Figures released by the Department for Work and Pensions (DWP) show that a whole group of women, already hit by one benefit reform, are now losing out on another vital welfare payment. But delve deeper, and DWP stats also show that some of these women are ending up worse off than others.
The DWP: cutting some more
As the government describes:
If you were born on or before 5 November 1953 you could get between £100 and £300 to help you pay your heating bills. This is known as a ‘Winter Fuel Payment’.
Essentially, the DWP will give the winter fuel payment to most people over the age of 65 in receipt of a state pension or certain other benefits. But on Tuesday 18 September, the DWP released the figures for the number of people getting the payment in 2017/18. They show that since 2010/11, almost a million fewer people are getting it in Great Britain (some people can claim it abroad):
The DWP openly admits why this is. As the table above shows, nearly 500,000 women have lost out on the payment since 2010/11. The DWP says:
The total recipient figures and those for GB increased from 1999/2000 to 2010/11; since then they have decreased. This is due to the rise in women’s State Pension age.
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The general increase in the number of pensioners has been off-set by the gradual increase in the women’s State Pension age and, therefore, the age of entitlement for WFPs [winter fuel payments].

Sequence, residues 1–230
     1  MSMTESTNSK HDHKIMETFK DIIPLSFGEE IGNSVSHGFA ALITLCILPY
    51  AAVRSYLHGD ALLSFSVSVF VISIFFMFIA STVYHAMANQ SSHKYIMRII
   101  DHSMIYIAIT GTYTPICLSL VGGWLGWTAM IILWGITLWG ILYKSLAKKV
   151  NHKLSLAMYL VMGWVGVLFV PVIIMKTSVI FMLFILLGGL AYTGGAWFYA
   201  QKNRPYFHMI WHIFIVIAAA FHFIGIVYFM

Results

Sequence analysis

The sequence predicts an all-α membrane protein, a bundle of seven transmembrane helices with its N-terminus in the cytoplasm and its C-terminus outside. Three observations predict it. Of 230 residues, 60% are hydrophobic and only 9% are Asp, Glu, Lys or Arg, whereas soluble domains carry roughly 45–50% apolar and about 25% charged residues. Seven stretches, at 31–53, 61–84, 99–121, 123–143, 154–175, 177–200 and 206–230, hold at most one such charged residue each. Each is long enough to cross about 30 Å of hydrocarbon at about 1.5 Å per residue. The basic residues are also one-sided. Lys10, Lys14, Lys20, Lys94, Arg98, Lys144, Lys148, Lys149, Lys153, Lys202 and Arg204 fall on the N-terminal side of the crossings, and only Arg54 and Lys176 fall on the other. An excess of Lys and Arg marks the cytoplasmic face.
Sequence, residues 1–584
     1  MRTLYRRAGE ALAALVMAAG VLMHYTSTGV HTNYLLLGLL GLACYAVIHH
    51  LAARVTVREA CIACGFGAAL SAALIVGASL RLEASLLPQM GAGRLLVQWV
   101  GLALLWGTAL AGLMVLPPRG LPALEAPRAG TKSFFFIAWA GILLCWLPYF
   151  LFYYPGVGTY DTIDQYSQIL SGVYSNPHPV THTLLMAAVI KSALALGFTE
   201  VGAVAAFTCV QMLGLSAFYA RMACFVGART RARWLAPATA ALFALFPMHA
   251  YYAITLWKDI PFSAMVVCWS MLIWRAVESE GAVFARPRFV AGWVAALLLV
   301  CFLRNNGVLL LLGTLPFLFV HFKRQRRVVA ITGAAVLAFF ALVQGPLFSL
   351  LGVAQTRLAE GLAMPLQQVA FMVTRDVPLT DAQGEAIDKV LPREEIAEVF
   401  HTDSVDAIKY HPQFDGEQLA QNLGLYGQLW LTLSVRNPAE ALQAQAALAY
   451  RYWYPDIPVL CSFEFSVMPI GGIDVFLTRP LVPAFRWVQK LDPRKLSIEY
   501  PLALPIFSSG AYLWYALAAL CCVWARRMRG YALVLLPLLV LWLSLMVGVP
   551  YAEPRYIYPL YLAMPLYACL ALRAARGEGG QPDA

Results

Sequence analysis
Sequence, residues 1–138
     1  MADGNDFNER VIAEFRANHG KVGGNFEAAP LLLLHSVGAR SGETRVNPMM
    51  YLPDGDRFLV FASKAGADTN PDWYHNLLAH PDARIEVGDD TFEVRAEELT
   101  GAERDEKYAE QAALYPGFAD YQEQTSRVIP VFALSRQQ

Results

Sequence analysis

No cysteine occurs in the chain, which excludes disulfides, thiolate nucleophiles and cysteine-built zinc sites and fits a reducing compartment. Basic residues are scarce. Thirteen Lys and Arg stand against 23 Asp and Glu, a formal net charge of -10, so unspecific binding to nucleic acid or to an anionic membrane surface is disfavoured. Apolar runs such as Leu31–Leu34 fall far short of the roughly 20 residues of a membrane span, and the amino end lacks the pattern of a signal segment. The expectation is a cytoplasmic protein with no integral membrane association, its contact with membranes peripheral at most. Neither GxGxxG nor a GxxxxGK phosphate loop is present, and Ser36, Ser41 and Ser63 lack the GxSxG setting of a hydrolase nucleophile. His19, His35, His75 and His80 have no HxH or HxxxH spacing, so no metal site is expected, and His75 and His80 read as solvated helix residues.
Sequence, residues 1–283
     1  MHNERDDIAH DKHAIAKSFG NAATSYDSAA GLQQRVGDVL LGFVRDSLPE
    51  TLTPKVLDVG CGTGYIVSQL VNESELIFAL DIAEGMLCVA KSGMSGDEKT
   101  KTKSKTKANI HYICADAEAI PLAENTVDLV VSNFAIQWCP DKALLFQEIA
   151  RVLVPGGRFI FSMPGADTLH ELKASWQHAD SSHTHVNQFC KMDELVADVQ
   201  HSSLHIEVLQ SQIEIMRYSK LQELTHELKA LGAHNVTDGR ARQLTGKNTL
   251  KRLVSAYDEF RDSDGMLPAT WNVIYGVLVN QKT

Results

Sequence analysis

As The Canary previously reported, the 1995 Conservative government’s Pension Act included plans to increase women’s state pension age to 65, which is the same as men’s. But the government did not contact the women affected until 2009 – 14 years later. At first the government planned to slowly phase the reforms in. But in 2011 the then-chancellor George Osborne decided to speed up the process by several years.
As a result of these reforms, thousands of women born in the 1950s (on or after 6 April 1951) have seen their retirement age increase by up to six years. It has meant that women cannot claim their pension until 65 from November 2018 and until 66 from October 2020.
And consequently, hundreds of thousands are also losing out on the winter fuel payment. But what’s happening to these women? Some other DWP figures may have the answer.
A perfect storm
Between February and August 2017, the number of women aged 55-64 claiming benefits increased by 44,290. Most of this increase (39,580) was women aged 60-64. While the DWP does not comment on the reason for this increase, it’s reasonable to assume part of it is down to women not getting their pensions, and therefore going onto other benefits. But of course, the DWP will also now have denied them the winter fuel payment.
This perfect storm means the DWP has effectively abandoned a whole generation of women; leaving them stuck on benefits they never expected to be on. And with winter on its way, the fact that so many may be struggling to heat their homes is a damning indictment of the system.
The Canary asked the DWP for comment, but it had not responded at the time of publication.
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